Update to the Military Proselytizing Story May 6, 2009

Update to the Military Proselytizing Story

On Monday, Al Jazeera reported that American soldiers were illegally proselytizing in Afghanistan, distributing Bibles in native languages.

On Tuesday, the military took action:

Reuters News says the Bibles were confiscated and destroyed after Qatar-based Al Jazeer television showed soldiers at a Bible class on a base with a stack of Bibles translated into the local Pashto and Dari languages…

The Chairman of the U.S. Joint Chiefs of Staff, Admiral Mike Mullen, told a Pentagon briefing Monday that the military’s position is that it will never “push any specific religion.”

The problem’s not gone. The Bibles will return. And I haven’t heard about any soldiers getting punished or even reprimanded for their illegal activities.

The U.S. government needs to take a harsher stance against people who abuse their military positions to try and advance their faith.

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  • Look at that OneNewsNow headline — at first glance, it sounds like they confiscated his personal Bible, not things he was intending to hand out to the locals. How long before some of the Usual Suspects start decrying the persecution of poor Christian soldiers by the Evil Obama Administration?

  • Polly

    Reuters News says the Bibles were confiscated and destroyed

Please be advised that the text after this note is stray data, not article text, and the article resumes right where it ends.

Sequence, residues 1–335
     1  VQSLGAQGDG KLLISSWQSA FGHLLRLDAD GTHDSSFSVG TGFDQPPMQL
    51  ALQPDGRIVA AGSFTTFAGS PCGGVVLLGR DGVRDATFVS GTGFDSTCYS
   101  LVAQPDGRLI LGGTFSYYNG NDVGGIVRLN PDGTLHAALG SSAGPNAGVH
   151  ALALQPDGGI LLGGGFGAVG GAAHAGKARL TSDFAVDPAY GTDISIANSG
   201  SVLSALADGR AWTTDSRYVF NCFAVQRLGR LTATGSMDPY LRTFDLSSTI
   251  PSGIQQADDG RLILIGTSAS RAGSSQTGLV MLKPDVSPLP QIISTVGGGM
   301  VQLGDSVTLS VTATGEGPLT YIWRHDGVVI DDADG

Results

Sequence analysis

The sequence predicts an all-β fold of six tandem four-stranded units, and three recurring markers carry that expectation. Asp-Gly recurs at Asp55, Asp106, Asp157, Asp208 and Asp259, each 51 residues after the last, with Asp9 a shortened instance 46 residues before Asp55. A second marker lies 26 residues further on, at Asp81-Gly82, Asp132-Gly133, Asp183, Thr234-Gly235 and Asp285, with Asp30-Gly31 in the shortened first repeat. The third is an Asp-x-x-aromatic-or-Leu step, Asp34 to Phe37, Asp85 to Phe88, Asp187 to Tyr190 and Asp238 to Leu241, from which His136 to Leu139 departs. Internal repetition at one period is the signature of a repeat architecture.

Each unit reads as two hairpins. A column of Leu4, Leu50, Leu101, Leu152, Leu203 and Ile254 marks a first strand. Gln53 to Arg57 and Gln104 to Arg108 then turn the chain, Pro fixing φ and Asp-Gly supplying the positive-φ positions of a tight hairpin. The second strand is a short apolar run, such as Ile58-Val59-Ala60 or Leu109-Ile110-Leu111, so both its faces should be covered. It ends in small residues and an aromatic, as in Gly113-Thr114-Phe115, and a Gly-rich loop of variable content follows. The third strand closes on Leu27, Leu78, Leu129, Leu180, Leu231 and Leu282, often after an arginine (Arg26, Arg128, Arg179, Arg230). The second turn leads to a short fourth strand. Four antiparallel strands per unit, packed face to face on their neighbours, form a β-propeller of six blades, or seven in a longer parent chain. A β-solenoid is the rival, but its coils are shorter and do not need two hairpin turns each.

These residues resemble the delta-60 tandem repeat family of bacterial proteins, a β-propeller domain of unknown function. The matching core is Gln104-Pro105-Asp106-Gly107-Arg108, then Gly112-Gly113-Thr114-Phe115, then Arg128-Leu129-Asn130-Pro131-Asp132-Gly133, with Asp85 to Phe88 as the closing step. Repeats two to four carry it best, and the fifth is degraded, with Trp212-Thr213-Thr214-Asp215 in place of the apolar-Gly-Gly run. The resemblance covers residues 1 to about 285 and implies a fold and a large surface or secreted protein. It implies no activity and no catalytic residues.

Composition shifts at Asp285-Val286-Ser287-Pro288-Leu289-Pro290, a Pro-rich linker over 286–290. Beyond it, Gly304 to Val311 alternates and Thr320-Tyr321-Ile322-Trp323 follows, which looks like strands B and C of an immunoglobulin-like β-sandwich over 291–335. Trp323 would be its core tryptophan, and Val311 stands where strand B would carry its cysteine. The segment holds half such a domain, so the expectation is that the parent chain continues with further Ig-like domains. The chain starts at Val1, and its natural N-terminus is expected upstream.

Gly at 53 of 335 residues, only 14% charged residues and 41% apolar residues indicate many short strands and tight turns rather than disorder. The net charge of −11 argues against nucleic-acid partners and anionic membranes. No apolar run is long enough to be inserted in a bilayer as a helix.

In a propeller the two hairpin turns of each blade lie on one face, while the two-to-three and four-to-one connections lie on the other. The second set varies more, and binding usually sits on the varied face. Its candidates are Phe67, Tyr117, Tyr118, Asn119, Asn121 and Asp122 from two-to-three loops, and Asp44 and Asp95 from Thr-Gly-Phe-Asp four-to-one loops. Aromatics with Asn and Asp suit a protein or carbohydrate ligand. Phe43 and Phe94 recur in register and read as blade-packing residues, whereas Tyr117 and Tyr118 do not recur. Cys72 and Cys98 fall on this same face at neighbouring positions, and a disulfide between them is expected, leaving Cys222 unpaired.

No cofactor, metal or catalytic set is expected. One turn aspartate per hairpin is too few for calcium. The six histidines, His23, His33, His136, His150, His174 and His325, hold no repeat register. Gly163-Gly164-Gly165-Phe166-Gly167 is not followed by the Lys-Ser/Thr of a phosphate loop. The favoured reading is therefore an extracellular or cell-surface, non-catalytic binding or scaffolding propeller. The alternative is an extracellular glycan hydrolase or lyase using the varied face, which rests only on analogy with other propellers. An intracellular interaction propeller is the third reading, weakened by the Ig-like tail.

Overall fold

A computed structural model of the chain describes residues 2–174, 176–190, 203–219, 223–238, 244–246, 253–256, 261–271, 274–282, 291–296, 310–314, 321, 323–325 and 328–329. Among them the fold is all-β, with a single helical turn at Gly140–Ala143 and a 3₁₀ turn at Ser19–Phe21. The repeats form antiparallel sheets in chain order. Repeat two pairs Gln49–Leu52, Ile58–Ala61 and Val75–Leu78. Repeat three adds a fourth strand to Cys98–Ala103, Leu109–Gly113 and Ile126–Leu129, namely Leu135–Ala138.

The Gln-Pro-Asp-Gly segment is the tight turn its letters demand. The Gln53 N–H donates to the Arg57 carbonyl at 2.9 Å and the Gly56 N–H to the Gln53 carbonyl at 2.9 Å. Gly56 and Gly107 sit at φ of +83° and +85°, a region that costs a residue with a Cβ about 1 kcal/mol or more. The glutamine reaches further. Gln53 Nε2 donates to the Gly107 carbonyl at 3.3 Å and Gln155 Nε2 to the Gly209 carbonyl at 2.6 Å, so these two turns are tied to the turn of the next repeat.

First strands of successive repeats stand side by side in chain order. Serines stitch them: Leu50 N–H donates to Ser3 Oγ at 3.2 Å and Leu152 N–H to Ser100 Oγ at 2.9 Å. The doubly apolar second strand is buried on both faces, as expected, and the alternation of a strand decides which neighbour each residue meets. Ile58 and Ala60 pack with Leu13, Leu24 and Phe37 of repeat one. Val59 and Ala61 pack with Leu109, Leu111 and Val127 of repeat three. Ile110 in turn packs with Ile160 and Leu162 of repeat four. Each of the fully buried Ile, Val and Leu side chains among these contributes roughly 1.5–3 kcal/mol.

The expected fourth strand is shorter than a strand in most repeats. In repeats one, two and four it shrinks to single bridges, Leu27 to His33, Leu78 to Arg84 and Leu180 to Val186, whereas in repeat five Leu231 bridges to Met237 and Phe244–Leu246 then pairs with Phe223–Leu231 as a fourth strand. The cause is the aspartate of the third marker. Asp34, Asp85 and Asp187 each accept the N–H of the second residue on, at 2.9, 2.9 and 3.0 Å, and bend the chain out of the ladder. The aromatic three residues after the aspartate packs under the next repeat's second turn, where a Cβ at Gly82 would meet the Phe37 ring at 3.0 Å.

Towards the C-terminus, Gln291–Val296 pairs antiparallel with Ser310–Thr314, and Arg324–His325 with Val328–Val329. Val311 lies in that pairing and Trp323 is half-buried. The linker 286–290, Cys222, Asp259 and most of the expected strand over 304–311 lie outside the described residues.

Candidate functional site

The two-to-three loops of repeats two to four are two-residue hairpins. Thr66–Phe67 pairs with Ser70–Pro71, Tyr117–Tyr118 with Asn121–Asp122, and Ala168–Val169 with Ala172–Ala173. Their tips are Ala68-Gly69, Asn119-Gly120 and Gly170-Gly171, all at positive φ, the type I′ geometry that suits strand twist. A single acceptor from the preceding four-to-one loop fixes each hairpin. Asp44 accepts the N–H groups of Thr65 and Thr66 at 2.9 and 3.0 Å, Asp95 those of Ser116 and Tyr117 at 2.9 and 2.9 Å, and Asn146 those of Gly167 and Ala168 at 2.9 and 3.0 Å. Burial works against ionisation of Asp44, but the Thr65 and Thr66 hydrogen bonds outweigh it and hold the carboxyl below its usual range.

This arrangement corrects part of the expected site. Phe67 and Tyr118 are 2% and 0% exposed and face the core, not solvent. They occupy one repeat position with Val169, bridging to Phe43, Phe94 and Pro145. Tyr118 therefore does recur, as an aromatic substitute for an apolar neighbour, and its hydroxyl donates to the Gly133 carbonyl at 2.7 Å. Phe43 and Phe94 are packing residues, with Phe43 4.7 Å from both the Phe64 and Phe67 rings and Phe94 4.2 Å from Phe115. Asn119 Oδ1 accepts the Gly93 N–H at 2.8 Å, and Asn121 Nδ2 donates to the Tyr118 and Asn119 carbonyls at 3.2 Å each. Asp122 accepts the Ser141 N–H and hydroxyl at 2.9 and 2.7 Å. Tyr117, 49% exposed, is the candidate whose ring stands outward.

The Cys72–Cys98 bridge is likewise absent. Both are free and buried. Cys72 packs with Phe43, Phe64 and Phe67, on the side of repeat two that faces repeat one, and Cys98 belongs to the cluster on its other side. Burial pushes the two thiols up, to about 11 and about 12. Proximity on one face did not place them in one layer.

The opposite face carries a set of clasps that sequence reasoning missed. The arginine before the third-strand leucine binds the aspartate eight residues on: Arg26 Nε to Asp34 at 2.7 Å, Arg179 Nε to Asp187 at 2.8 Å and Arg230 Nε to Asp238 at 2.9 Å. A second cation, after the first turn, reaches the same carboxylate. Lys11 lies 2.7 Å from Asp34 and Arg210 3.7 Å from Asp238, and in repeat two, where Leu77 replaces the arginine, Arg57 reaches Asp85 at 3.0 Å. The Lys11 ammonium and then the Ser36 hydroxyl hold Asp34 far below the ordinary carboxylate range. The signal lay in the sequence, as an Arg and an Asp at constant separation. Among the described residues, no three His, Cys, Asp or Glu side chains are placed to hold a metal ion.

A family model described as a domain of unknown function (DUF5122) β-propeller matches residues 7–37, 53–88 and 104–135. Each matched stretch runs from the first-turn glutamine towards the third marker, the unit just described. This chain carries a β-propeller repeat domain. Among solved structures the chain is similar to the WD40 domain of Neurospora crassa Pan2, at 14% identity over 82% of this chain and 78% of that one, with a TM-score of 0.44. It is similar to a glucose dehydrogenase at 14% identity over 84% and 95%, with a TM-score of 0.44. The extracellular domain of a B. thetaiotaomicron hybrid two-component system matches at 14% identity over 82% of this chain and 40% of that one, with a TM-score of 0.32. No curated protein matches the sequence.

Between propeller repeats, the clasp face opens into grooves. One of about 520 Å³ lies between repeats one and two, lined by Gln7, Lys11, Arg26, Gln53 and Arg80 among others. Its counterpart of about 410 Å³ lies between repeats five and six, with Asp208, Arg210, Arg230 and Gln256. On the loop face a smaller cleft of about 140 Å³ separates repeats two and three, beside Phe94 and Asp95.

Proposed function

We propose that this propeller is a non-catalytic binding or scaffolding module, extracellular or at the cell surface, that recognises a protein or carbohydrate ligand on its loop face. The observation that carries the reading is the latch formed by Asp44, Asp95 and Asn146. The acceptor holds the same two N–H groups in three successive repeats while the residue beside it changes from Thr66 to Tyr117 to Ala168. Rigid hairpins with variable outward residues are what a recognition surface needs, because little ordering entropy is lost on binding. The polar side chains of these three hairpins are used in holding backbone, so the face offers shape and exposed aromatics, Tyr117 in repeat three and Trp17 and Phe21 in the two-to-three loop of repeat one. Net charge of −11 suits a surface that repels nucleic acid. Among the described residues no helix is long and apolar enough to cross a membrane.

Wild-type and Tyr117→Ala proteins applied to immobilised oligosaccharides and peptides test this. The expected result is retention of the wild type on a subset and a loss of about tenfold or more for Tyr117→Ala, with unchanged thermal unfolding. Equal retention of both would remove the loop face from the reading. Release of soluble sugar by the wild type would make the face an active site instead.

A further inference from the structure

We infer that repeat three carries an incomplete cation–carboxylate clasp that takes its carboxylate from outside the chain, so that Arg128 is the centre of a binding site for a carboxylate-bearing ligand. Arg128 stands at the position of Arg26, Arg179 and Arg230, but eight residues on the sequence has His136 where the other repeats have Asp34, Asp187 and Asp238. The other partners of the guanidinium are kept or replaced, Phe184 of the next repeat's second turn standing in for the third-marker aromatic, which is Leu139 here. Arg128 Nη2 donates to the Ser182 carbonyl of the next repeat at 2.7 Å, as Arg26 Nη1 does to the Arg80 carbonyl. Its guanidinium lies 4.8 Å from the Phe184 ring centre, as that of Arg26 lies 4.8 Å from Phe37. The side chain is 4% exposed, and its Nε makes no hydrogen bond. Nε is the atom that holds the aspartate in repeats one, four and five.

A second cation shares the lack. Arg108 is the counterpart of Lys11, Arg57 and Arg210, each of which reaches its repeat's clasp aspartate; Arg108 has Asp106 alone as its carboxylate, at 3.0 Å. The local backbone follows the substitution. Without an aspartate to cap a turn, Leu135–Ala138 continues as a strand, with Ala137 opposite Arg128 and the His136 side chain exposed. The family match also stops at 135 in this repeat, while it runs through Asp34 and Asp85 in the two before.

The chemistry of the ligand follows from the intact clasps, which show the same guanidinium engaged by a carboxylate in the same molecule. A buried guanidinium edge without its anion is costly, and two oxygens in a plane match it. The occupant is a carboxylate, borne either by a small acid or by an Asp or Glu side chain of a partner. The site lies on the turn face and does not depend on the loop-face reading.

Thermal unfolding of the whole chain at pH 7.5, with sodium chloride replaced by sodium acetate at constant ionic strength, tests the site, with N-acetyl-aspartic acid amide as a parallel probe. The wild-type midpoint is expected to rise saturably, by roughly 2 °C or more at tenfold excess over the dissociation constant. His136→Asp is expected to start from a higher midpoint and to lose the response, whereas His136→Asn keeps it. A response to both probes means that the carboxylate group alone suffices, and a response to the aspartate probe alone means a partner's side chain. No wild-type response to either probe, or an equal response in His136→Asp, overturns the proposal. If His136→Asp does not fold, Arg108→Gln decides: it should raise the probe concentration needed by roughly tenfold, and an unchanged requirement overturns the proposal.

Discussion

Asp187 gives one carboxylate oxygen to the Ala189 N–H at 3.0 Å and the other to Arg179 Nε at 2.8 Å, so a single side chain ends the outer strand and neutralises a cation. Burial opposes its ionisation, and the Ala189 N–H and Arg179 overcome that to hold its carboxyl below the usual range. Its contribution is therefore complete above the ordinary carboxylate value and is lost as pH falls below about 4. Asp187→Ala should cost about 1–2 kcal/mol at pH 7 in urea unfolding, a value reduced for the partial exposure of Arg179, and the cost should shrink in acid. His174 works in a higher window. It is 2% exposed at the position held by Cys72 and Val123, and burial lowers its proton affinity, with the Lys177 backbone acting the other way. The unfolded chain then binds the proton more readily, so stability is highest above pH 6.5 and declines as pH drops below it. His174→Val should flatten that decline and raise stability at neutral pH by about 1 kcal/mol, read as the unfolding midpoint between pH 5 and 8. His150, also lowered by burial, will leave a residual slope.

ACK! Why destroy them? I’d like to have copies of Bibles in the native languages of that region to add to my collection. 🙁

    They should definitely stop them from proselytizing of course. That just makes a bad situation so much worse.

    Arrogant, ignorant ‘murkins.

  • Cafeeine

    I note the (finished) poll under the article:
    ‘What’s your reaction to the decision by the U.S. military to destroy the soldier’s Bibles?’ has 62% responses as
    ‘If this had been the Koran, this never would have happened’

    Well Duh!
    a) it isn’t proselytizing to give a person their own holy book (not that I approve) and
    b) would smdy in the US Army ever need to give Korans to the people of a predominantly Muslim country? Would the fraction of the non-Muslims in the area really depend on proselytization of a US soldier?

    This really doesn’t offer anything new, but the inanity just called out to me for attention!

  • Eliza

    Well, it makes sense that they punished the Bibles, not the people. After all, people don’t proselytize; Bibles do. [/sarcasm]

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